Derek Burney was Canada's ambassador to the United States from 1989-1993. Fen Osler Hampson is chancellor's professor at Carleton University and director of Global Security and Politics at the Centre for International Governance Innovation.
Donald Trump's approach to foreign policy is upsetting conventional wisdom, heightening global tensions and perilously increasing the risk of war. While his analyses on what went wrong have some merit, the U.S. President is discovering that his blunt rhetoric and reality do not mesh, and he has failed thus far to produce any credible alternatives.
Mr. Trump's statements that the policy of "strategic patience" with North Korea has failed for decades is true. But, short of a military strike that few advocate, the only alternatives have been diplomacy and stronger sanctions, neither of which has arrested North Korea's nuclear ambitions over the past 30 years. As Pyongyang moves ever closer to having the capacity to launch intercontinental ballistic missiles at the U.S. mainland, the situation grows dire. Meanwhile, China has shown little inclination to pull American chestnuts out of the fire.
Showing that he may be less than deranged, North Korean leader Kim Jong-un cleverly extended an Olympics olive branch, which Seoul promptly accepted, unbeknownst to its erstwhile security guarantor. Victor Cha is no longer the U.S. nominee for ambassador to South Korea after he indicated that he disagreed with the notion of a "preventive military strike." Chastising South Korea over its "trade imbalance" with the United States only adds to the tension and weakens Washington's ties with Seoul. The net result is negative for the United States on the Korean peninsula.
Mr. Trump's claim that Pakistan has long been a haven for terrorists threatening the stability of Afghanistan has been an open secret for the same 30 year span. Suspending military aid to Pakistan has also been tried before, with little success other than to increase incursions from Pakistan into Afghanistan and to cause Pakistan to look more to Beijing than Washington for military and financial assistance. The result this time is again the same. The security situation in Afghanistan is worsening and the Taliban is carrying its campaign of terrorism into Afghanistan's major cities while increasing its control over the countryside.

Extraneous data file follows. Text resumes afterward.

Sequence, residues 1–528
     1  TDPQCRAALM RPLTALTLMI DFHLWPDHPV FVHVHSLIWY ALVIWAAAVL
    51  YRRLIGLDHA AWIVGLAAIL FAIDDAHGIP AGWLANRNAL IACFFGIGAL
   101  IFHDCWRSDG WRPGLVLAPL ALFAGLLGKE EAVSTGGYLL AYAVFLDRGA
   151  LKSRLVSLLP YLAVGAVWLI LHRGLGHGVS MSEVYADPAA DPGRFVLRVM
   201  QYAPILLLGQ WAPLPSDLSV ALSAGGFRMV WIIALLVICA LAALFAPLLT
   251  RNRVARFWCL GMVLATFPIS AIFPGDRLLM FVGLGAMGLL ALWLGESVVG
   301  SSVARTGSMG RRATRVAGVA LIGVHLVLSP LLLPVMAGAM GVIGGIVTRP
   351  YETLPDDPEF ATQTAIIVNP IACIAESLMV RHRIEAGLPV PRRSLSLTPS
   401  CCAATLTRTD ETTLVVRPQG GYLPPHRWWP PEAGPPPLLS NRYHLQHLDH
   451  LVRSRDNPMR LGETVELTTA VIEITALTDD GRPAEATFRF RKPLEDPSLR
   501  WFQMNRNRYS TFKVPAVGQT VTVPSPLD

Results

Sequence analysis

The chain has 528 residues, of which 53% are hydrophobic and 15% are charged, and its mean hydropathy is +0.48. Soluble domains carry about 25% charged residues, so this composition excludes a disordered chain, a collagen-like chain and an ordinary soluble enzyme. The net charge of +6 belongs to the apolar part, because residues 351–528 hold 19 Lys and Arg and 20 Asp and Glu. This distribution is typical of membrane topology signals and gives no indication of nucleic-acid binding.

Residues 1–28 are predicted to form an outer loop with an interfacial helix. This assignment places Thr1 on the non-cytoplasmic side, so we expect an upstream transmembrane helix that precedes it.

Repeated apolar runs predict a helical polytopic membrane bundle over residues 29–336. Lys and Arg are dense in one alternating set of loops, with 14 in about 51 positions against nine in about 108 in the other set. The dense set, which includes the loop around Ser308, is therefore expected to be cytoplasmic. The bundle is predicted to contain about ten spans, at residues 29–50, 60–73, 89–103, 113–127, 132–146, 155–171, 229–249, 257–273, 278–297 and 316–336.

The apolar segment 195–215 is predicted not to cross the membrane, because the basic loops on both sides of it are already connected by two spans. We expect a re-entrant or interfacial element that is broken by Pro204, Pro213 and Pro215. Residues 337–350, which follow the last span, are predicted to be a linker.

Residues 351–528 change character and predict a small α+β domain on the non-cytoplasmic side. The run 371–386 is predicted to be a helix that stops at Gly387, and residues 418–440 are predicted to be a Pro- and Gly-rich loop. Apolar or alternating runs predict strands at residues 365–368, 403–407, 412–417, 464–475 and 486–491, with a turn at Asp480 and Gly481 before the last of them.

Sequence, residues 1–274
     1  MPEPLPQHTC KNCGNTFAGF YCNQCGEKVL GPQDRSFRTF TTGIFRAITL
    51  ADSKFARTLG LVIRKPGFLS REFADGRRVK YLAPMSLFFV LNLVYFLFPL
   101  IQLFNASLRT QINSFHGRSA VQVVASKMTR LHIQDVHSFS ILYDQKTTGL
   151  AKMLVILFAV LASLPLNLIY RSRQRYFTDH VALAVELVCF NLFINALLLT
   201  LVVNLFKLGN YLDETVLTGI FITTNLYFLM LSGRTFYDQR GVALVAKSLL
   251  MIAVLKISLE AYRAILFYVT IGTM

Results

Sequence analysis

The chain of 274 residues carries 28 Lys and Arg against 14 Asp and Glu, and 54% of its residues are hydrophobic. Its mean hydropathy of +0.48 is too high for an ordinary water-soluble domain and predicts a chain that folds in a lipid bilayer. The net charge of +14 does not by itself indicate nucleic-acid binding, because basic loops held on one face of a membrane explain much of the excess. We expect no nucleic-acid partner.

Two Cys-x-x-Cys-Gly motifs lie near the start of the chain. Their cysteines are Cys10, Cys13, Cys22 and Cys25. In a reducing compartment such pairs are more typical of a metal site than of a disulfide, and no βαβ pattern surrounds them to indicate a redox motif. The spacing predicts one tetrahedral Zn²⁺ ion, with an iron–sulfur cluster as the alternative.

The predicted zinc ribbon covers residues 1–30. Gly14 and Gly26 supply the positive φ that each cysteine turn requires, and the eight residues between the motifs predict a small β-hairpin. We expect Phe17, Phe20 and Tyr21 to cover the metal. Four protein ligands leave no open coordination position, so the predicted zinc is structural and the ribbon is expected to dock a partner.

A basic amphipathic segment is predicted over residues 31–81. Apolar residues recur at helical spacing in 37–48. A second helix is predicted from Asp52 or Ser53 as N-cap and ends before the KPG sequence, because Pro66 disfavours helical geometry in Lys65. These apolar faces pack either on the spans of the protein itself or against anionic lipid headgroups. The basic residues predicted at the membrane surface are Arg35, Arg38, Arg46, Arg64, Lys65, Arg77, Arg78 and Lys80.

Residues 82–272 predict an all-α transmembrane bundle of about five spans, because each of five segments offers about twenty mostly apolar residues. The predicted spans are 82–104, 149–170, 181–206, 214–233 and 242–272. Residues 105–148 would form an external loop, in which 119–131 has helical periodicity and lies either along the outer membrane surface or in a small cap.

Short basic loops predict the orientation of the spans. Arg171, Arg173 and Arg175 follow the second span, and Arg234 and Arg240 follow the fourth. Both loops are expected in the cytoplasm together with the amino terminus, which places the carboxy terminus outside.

Ever since the election campaign, Mr. Trump has railed consistently against the "seriously flawed" nuclear deal with Iran and threatened repeatedly to withdraw the United States from the agreement. Many of his top advisers, along with the other signatories, have tried to hold the line. While opinions may differ in some quarters on the scope and value of the agreement, it is difficult for anyone to see how a precipitous U.S. withdrawal would improve matters either with Iran or in the Middle-East region as a whole.
Mr. Trump's ambivalent position on Russia defies rational analysis. Whether the case for collusion can be proven rests with special counsel Robert Mueller, but, for whatever reason, Mr. Trump continues to treat Russian President Vladimir Putin with kid gloves, much to the chagrin of his Western allies, especially those on NATO's northern flank. As President, he has been slow to implement increased sanctions mandated by Congress. Mr. Putin continues to exploit the ambiguity, provoking and probing brashly in Syria, North Korea and wherever he sees space for Russian aggrandizement.
Closer to home, Mr. Trump's claims that trade deals like the North American free-trade agreement have harmed the United States have no analytical underpinnings. His impulsive threats to withdraw and his chief negotiator's one-sided demands for concessions at the talks to renegotiate the pact are reprehensible in tone and substance and should be staunchly resisted. The more stable mood of Congress offers a ray of hope on what will be Canada's foremost foreign policy challenge this year.
"America First" has a patriotic ring on the home front, but the implications for Canada, South Korea and other prominent trade partners and allies of the United States are ominous. Mr. Trump's objective of negotiating to resuscitate traditional manufacturing jobs is not compatible with the goal of expanding trade and flies in the face of rudimentary economics. It may make for good campaign rhetoric, but as a policy or strategic objective, it is as short-sighted as Trump's withdrawal from the Trans-Pacific Partnership, the revised version of which will now bring benefits to Canada and others at U.S. expense.
When the global leadership of the United States was more conventional, it was not always effective, but its goals were at least understandable. That is no longer the case. The new candour is not consistent with past practice, and the consequences are far from certain. The challenge is to try to channel Mr. Trump's aberrant instincts on foreign policy towards achievable global goals of stability and prosperity. He will host French President Emmanuel Macron as his first official head-of-state visitor some time in April. Mr. Macron may prove to be the Western alliance's best asset for influence and pragmatic engagement.